disease, food, genetics, neurology

The Science of ALS and the Irony of the Ice Bucket Challenge

With the ALS ice bucket challenge going viral, amyotrophic lateral sclerosis (ALS) has been getting a lot of attention. But what exactly is ALS? It is essentially a poorly understood neurodegenerative disease that kills relatively quickly — with people usually dying within 3–5 years after onset of the first symptoms — and is responsible for the death of about 2 out of every 100,000 people in the U.S. And most people with ALS (90% of them) have no family history with the disease — why they get ALS is unclear.

ALS amyotrophic lateral sclerosis challenge lou gehrig’s disease

The ALS Ice Bucket Challenge. (Image credit: slgckgc)

So what makes the ice bucket challenge ironic? Several lawmakers have chosen to participate in the challenge even though they previously significantly cut funding for research into the disease.

“Amyotrophic” is basically Greek for “no muscle nourishment.” In ALS (also called Lou Gehrig’s disease after the famous baseball player who died to the disease), the muscles become weakened and damaged due to specific neurons degenerating. The initial symptoms can include trouble swallowing, speaking, and/or breathing, as well as having stiff muscles (in arms, legs, or elsewhere). Sometimes a specific arm or leg is most affected. A person with ALS can also have exaggerated reflexes, such as an overactive gag reflex, twitches, cramps, and exaggerated emotional expressions. As the disease progresses and the muscles weaken, most people with ALS cannot use their arms, walk, speak, swallow food, or breathe on their own (and need a ventilator). This is why most individuals die due to respiratory failure, and only 4% of people survive for more than 10 years after onset of symptoms. Stephen Hawking, who has had ALS for more than 50 years, is one of these rare cases.

On a molecular level, how does the disease cause these symptoms? It is unfortunately poorly understood (which is why the field is in such need of funding). There are some suspected culprits, but few (if any) definitive cause-and-effect relationships. For example, some proteins that are important for holding cells and tissues together and allowing them to communicate properly (i.e., laminins, which are extracellular matrix proteins) are not being made in the right amounts in some muscles. Researchers have also found that some muscle fibers are (unsurprisingly) damaged in limbs and connective tissue may be produced by the body to try and compensate for this damage, while nerve patterns may also try to re-wire themselves due to the disease.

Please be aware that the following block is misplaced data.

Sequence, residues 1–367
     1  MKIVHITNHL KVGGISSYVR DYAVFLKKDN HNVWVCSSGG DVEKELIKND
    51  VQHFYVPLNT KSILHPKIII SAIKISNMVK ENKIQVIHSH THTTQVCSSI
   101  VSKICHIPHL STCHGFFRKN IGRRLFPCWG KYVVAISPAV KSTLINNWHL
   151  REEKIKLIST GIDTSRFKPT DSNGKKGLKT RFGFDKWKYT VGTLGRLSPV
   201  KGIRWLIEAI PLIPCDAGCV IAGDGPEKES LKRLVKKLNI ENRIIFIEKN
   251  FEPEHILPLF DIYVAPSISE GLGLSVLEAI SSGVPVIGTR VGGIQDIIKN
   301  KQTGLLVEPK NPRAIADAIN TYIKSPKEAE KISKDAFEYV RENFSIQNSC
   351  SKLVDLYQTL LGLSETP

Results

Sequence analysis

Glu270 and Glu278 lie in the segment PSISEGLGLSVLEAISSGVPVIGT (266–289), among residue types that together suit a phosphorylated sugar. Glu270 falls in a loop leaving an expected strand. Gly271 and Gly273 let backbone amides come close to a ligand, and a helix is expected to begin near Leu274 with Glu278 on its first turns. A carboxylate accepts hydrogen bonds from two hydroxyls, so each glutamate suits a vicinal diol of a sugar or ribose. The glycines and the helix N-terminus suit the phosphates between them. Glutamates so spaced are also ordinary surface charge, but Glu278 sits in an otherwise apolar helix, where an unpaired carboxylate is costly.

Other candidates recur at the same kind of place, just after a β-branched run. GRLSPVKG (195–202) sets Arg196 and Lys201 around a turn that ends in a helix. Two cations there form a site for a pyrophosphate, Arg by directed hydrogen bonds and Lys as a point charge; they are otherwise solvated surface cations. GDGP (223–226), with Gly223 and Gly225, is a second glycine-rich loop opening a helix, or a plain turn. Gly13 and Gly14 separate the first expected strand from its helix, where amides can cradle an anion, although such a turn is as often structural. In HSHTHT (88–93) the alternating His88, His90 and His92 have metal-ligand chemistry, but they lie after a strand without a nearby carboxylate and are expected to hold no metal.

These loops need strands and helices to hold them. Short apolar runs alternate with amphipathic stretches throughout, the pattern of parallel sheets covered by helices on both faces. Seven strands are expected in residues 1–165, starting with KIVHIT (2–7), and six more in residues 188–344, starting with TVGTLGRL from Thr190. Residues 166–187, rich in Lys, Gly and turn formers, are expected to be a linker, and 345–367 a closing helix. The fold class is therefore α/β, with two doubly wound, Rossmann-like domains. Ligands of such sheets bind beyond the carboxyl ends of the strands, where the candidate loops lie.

For the 90% who do not have a family history of ALS, there are no known causes for certain, but there are some suspects. Several of these include possible physical trauma, such as head trauma (with damage to certain motor system areas), playing in contact sports, and military service. (This may be why several famous football players have had ALS.) Diet is also thought to be a possible factor, such as eating food contaminated by blue-green algae. Frequent drug use, being exposed to electromagnetic fields, and experiencing electric shock may also be related to contracting ALS, but these connections are unclear.

There is at least a clear suspect for familial cases of ALS — for 20% of familial cases (or around 2% of all ALS cases) there are mutations associated with an important antioxidant. The antioxidant, which is superoxide dismutase, helps turn a potentially dangerous toxin (superoxide made by the body) into oxygen and hydrogen peroxide. (Interestingly, some research suggests that people who eat fruits and vegetables that have antioxidants, specifically carotenoids, may have a reduced chance of getting ALS — carotenoids are in carrots, pumpkins, sweet potatoes, watermelon, tomatoes, grapefruit, papaya, apricot, guava, kale, dandelion leaves, turnip greens, spinach, peas, lettuce, zucchini, Brussel sprouts, broccoli, and more.) Currently, a large genetic study, called Project MinE, is being crowd-funded to better understand the genetics of ALS.

Right now, the only treatment for ALS is Riluzole (i.e., Rulutek), and this drug typically only improves survival by a few months. It does not reverse any damage already done. That said, there are several ongoing clinical trials to treat ALS. One of these uses a patient’s bone marrow stem cells, turning them into different neuronal cells and then having those injected into specific muscles in the patient.

Despite there being few treatment options for ALS (and other rare diseases), the National Institutes of Health (NIH) had to cut $1.55 billion from its budget due to a compromise by the White House and Congressional Democrats to get Congressional Republicans to pass the debt ceiling hike. Among that $1.55 billion cut was millions of dollars for ALS research. Specifically, this caused ALS research funding to decrease from $44 million in 2012 to $39 million in 2013, or a decrease of $5 million. Ironically, several lawmakers who cut this ALS funding have recently undertaken the ALS ice bucket challenge. The challenge has raised about $80 million (as of August 25, 2014), compared to about $2.5 million raised during the same time frame in 2013. This easily compensates for the $5 million lost due to cuts, but the donations do not go through NIH.

So while this viral fundraising activity has significantly helped raise money for ALS research (and awareness of the disease), more is needed for scientific research on ALS and similarly devastating diseases to be successful. Clinical studies, and other important research efforts, typically span multiple years, so it’s essential to have consistent sources of revenue (i.e., reliable government funding programs) over long periods of time too.


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